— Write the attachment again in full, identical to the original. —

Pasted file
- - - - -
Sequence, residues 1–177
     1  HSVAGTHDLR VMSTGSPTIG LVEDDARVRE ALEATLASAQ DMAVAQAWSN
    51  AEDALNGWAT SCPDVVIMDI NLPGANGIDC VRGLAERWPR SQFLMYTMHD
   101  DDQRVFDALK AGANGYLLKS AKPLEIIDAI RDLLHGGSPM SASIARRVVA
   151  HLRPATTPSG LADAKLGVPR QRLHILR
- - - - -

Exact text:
Sequence, residues 1–177
     1  HSVAGTHDLR VMSTGSPTIG LVEDDARVRE ALEATLASAQ DMAVAQAWSN
    51  AEDALNGWAT SCPDVVIMDI NLPGANGIDC VRGLAERWPR SQFLMYTMHD
   101  DDQRVFDALK AGANGYLLKS AKPLEIIDAI RDLLHGGSPM SASIARRVVA
   151  HLRPATTPSG LADAKLGVPR QRLHILR